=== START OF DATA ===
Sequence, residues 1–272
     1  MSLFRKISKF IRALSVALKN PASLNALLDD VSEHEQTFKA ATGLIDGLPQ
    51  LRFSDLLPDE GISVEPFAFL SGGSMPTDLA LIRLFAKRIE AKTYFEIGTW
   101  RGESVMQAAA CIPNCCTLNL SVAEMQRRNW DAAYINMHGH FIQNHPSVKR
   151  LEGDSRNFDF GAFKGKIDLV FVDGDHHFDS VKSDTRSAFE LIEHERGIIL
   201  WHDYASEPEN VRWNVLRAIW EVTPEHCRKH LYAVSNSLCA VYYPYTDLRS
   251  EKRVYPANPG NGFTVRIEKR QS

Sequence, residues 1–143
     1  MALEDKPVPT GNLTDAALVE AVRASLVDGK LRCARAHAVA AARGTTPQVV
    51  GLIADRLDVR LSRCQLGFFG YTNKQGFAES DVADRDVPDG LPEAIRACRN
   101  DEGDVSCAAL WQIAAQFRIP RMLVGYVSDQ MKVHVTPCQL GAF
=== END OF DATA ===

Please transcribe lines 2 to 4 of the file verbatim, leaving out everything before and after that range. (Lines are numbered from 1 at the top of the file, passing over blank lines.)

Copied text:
     1  MSLFRKISKF IRALSVALKN PASLNALLDD VSEHEQTFKA ATGLIDGLPQ
    51  LRFSDLLPDE GISVEPFAFL SGGSMPTDLA LIRLFAKRIE AKTYFEIGTW
   101  RGESVMQAAA CIPNCCTLNL SVAEMQRRNW DAAYINMHGH FIQNHPSVKR